Increasingly, it seems, in civil litigation, following a similar trajectory in criminal law, there is no closure. Church litigation is increasingly no exception.
In September 2017 and then in December 2017, federal court and state court opinions in Patterson v Shelton, were reported herein. See the post, And Then Again, Maybe Not. In 1991, the founder and pastor of the church died. The power struggle that ensued was the stuff of legends, dueling and feuding, that is. It resulted in published appellate opinions in 2013 and 2017: 175 A3d 442 (Pa. Cmwlth. 2017); 78 A3d 1092 (PA. 2013). The first conflict involved the struggle to determine who was in charge. The second wave involved the conclusions of a forensic accounting investigator that hundreds of thousands of dollars were misappropriated by the church leadership that succeeded the founder. The third wave involved an arbitration decision in 2006 in which the arbitrator was persuaded by the forensic auditor and appointed a receiver to recover the assets of the church. The appellate court overturned the arbitration award concluding the arbitrator went beyond the scope of contractual authority in fashioning relief. See, 942 A2d 967 (Pa. Cmwlth. 2008). The fourth wave of litigation was the claim that Patterson was not a church leader but merely a member and did not have standing under the not for profit corporations statute to bring the claims. The appellate court overruled the trial court and held as a church member and beneficiary of the not for profit corporation, the church, Patterson had sufficient standing to bring claims. The fifth wave was marked by a bench trial regarding the claims conducted in 2014. The trial court concluded it did not have jurisdiction under the Ecclesiastical Abstention Doctrine of the First Amendment and dismissed the case. That had the effect of leaving the arbitration award as the last determination because the trial court, in effect, held that every decision made thereafter lacked jurisdiction. In the sixth and latest wave of Patterson v Shelton, the trial court was asked to strike its orders enforcing the arbitration award as the final judgment. The trial court declined. The appellate court affirmed.
One reason this litigation became so protracted was that the courts made two errors. The courts did not inquire into their own jurisdiction and its limits early in proceedings. The other was to allow judicial hostility to arbitration to again raise its long discredited visage. Arbitrations are no more or less effectual as dispute resolution mechanisms than jury trials. While judges may have greater experience than arbitration panels in dispute resolution, which in some cases would make a bench trial a better forum, the routine case does not benefit from such experience enough to invalidate the arbitral forum. Only arbitral forums that are either so expensive or so without procedural safeguards that their decision making is suspect are inferior in the typical routine case. However, if the parties contractually selected the forum, it should be assumed both sides knew the costs and the risks. If an arbitrator’s awarded relief seems to exceed the contractual grant of authority, the better practice is to either judicially revise the relief given or to remand to the arbitrator for the revision. Simply vacating the award leads to a quagmire.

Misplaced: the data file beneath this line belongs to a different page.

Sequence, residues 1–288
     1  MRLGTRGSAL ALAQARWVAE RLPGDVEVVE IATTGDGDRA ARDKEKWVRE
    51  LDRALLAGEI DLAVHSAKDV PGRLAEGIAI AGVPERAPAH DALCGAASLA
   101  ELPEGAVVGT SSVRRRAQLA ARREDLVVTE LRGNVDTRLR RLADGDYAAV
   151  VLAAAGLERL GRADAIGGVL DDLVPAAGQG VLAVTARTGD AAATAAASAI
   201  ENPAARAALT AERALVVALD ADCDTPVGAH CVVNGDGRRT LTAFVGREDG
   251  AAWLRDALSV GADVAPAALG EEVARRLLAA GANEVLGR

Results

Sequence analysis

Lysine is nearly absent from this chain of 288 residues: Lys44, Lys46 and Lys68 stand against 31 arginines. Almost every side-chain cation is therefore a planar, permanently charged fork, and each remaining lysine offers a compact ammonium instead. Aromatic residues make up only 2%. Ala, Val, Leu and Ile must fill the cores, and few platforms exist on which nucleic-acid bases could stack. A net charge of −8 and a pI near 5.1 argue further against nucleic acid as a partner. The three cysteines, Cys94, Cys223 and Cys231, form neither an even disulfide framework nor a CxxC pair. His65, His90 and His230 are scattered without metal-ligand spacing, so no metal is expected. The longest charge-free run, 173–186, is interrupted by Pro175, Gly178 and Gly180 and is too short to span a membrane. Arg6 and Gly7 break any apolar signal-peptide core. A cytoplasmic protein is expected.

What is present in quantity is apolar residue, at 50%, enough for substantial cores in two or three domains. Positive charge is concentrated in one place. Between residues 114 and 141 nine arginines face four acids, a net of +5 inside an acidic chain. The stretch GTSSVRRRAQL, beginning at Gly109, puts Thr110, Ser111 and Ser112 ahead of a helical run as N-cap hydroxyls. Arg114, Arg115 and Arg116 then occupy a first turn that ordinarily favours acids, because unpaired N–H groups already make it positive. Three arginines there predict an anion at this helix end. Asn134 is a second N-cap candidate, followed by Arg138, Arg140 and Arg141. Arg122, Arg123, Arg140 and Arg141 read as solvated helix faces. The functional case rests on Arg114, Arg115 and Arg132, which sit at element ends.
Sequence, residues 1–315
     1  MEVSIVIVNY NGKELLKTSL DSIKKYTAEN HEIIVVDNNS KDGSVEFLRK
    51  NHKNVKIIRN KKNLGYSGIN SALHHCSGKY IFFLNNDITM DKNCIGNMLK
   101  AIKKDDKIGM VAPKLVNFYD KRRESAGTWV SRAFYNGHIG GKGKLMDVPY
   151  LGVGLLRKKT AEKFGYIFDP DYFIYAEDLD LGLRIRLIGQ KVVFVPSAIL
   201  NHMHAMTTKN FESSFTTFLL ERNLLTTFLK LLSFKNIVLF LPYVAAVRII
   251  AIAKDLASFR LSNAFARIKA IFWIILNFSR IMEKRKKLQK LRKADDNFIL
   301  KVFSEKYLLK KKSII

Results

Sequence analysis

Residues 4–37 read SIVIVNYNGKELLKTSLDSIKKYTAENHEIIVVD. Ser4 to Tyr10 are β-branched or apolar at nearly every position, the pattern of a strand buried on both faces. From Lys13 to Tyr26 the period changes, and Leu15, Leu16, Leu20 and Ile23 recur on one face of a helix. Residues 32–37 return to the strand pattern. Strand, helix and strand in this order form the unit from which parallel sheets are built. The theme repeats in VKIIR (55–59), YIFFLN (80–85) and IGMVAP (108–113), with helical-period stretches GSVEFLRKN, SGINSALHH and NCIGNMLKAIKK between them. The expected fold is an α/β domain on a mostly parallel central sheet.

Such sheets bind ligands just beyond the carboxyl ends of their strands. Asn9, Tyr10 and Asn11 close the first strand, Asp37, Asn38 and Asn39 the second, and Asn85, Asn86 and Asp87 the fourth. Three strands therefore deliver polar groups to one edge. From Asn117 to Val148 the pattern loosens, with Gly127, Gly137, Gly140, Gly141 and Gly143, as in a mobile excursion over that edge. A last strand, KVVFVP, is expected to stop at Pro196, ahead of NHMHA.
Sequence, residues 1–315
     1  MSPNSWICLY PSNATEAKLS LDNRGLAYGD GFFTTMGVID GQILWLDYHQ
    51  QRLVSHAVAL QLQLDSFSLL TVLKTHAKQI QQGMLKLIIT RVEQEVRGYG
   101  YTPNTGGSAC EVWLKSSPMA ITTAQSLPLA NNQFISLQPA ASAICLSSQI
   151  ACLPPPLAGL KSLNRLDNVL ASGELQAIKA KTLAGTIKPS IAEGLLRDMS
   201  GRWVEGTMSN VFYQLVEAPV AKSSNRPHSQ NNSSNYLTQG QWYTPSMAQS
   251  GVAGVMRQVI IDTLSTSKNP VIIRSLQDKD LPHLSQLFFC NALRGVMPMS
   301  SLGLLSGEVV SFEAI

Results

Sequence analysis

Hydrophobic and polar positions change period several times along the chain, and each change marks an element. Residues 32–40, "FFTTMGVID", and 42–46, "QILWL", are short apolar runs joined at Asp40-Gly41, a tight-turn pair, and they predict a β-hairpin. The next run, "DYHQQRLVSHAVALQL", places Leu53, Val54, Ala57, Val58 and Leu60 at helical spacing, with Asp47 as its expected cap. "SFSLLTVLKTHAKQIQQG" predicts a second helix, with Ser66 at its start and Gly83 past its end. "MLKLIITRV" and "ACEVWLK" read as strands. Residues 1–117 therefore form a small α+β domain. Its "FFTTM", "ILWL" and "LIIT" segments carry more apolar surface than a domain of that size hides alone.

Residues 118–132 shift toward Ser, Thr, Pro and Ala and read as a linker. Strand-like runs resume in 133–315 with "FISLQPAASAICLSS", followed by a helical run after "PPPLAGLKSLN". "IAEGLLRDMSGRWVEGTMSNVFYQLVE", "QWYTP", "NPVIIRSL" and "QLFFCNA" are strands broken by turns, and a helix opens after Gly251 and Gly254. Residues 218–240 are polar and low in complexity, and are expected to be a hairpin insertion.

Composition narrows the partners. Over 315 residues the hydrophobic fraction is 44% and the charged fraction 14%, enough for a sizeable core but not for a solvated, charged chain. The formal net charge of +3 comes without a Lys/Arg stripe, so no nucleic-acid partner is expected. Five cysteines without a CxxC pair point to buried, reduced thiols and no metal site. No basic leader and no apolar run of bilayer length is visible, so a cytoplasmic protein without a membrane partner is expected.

There are few reported examples of denominational church arbitration that allow study of the process or its purposes. Also, most denominational arbitration systems are still infantile in their development and operation. A few are beginning to mimic the highly developed American Arbitration Association or the Financial Industry Regulatory Authority (“FINRA,” formerly “NASD” and formerly “NYSE”) arbitral forums. Denominational church arbitration is reported so rarely, and probably conducted so rarely, that evaluation of process or results is problematic.
In Garcia v Church of Scientology, Order, (MD FL, Tampa Div., 2018) the United States District Court dismissed the case challenging an arbitral award against the Plaintiffs. The Plaintiffs submitted an arbitration claim to retrieve hundreds of thousands of dollars in donations in two programs of the church the plaintiffs claimed were fraudulently misrepresented. The Plaintiffs challenged the arbitral award on United States Arbitration Act grounds including “evident partiality” and misconduct of arbitrators. The plaintiffs claimed witnesses and documentary exhibits were not heard or reviewed by the arbitrators, the arbitral forum held ex parte meetings with the arbitrators, and the arbitral forum edited or redacted exhibits submitted to the arbitrators. They also claimed their counsel was not allowed to attend, however, the Court determined the record reflected Counsel would have been allowed to attend but would not have been allowed to participate. Considering the challenge in light of the limited review possible under the United States Arbitration Act and the Ecclesiastical Abstention Doctrine, the Court found no sustainable grounds for the challenge. The Court held the Plaintiffs agreed to arbitration, agreed to proceed in arbitration and were bound by church arbitral rules and procedures which included much about which they complained.